Simulation and training firm CAE, which is known mostly for its aerospace work, expects naval offerings to help increase its share of growing international demand for integrated defence training services.
CEO Marc Parent said in a conference call with analysts on 17 May that “the market is highly supportive, with governments placing a high priority on mission readiness and looking at outsourcing. We’re seeing good momentum as we convert a large bid pipeline into orders.”
CAE's revenues exceeded CAD3.3 billion in 2019. (IHS Markit/CAE)
CAE’s stock price spiked by nearly 15% following Parent’s comments and the publication of exceptionally strong results. Revenues increased by 42% during the fourth quarter of CAE’s 2019 fiscal year (FY) to CAD1.02 billion (USD757 million), and by 17% for the whole year to CAD3.3 billion.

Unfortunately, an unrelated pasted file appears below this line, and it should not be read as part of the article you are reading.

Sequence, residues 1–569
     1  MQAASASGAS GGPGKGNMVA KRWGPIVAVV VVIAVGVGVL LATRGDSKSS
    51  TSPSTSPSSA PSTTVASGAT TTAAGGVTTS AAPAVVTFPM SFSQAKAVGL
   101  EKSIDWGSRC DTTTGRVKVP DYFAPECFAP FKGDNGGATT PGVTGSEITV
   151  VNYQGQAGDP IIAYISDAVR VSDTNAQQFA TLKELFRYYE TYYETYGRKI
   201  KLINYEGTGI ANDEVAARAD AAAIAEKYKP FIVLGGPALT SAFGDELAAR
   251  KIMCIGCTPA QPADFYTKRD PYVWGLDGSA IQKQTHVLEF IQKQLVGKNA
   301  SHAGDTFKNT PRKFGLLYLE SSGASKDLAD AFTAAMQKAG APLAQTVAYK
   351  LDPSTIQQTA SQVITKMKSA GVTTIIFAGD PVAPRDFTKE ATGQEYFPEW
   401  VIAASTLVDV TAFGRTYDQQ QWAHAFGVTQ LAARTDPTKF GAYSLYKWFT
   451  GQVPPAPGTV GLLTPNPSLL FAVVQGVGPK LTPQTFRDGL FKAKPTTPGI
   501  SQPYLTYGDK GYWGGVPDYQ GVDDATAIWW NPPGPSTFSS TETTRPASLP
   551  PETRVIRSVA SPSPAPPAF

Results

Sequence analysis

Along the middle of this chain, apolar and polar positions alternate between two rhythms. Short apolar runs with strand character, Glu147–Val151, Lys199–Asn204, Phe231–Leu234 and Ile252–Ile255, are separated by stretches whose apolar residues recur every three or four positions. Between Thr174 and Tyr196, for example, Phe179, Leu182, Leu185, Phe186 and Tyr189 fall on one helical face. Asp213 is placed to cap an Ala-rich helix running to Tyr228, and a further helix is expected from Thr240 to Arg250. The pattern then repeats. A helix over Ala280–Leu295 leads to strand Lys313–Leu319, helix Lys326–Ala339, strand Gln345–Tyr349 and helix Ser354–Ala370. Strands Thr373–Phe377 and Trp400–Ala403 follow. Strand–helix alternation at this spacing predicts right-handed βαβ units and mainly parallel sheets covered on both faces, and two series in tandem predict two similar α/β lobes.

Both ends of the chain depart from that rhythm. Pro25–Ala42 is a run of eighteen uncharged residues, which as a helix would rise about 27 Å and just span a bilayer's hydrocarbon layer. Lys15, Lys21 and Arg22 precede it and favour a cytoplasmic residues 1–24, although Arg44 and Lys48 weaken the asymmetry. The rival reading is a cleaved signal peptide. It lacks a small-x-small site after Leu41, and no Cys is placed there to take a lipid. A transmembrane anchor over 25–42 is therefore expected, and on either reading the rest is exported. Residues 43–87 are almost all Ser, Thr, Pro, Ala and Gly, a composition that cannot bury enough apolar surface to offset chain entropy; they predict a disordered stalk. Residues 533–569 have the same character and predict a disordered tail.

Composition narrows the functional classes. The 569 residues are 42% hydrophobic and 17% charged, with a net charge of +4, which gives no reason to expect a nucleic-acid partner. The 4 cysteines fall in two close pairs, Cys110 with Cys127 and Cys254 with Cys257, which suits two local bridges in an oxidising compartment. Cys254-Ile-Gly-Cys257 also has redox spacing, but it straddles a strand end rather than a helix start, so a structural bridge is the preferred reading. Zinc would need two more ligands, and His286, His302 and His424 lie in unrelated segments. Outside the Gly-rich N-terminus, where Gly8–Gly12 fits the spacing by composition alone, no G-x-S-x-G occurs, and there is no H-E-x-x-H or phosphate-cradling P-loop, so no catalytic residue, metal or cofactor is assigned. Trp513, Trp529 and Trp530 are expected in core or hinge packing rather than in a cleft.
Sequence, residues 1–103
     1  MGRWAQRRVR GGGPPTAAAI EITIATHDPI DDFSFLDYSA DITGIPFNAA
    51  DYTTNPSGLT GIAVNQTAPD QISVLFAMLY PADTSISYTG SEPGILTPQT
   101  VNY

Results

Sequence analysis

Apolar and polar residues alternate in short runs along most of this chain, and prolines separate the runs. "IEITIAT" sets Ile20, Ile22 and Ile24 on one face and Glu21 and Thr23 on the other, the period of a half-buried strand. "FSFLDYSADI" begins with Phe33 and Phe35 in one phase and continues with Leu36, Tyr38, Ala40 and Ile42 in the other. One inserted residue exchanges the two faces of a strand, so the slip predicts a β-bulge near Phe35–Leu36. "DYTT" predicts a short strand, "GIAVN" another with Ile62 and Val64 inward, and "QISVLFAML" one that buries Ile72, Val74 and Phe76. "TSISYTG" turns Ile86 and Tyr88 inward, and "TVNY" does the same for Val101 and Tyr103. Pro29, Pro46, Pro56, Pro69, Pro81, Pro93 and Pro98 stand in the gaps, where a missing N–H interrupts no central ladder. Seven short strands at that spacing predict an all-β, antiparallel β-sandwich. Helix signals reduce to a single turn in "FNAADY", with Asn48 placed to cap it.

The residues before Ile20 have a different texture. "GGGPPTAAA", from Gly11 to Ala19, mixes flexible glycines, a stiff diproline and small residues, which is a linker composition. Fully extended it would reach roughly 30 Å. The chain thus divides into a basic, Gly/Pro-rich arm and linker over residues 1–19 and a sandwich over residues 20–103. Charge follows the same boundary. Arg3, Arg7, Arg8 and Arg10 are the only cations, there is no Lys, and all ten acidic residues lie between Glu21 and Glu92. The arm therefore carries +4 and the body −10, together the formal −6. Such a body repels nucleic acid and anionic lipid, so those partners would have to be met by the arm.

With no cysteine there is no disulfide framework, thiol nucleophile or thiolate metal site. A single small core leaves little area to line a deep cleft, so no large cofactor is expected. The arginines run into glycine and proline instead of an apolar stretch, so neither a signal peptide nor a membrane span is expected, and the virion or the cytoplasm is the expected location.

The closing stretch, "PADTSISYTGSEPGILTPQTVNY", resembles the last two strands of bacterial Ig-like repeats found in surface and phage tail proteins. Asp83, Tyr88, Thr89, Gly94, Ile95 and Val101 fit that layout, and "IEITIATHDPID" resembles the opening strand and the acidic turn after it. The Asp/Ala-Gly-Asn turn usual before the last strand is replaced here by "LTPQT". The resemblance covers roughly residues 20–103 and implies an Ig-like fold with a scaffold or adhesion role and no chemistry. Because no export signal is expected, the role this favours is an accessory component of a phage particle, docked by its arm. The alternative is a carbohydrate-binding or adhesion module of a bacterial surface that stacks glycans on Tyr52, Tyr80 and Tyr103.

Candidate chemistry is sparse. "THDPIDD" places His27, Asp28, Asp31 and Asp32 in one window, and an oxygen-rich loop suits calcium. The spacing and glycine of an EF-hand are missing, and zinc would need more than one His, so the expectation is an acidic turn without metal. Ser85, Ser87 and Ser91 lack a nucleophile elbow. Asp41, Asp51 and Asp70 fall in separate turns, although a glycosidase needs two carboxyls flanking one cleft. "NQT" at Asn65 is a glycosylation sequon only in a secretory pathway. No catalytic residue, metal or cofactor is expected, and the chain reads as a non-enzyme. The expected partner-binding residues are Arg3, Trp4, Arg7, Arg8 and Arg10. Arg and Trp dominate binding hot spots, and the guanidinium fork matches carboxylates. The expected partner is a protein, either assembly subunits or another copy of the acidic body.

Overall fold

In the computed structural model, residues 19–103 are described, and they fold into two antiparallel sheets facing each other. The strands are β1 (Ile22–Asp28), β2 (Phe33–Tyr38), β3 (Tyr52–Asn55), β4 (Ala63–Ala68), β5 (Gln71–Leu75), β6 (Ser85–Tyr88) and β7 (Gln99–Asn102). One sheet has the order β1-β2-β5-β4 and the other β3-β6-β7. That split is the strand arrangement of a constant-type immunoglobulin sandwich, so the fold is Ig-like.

Parent attributed CAE’s success on the defence front during the year, which included CAD1.1 billion in divisional orders, to a variety of factors. These include the acquisition of US-based Alpha-Omega Change Engineering (AOCE). The aircrew training, operational testing, and engineering support services provider provides a boost to CAE’s efforts to counter growing protectionism in the world’s largest defence market and the Trump Administration “America First” policy.
CAE’s biggest opportunity on the naval front stems from its membership in the Lockheed Martin-led team that won a bid earlier this year to design 15 new Canadian Surface Combatant vessels. CAE executives have been tight-lipped about expectations regarding what is expected to be Canada’s largest ever defence procurement because of the government’s increasing restrictions about information that contractors bidding on current programs are allowed to say to the press.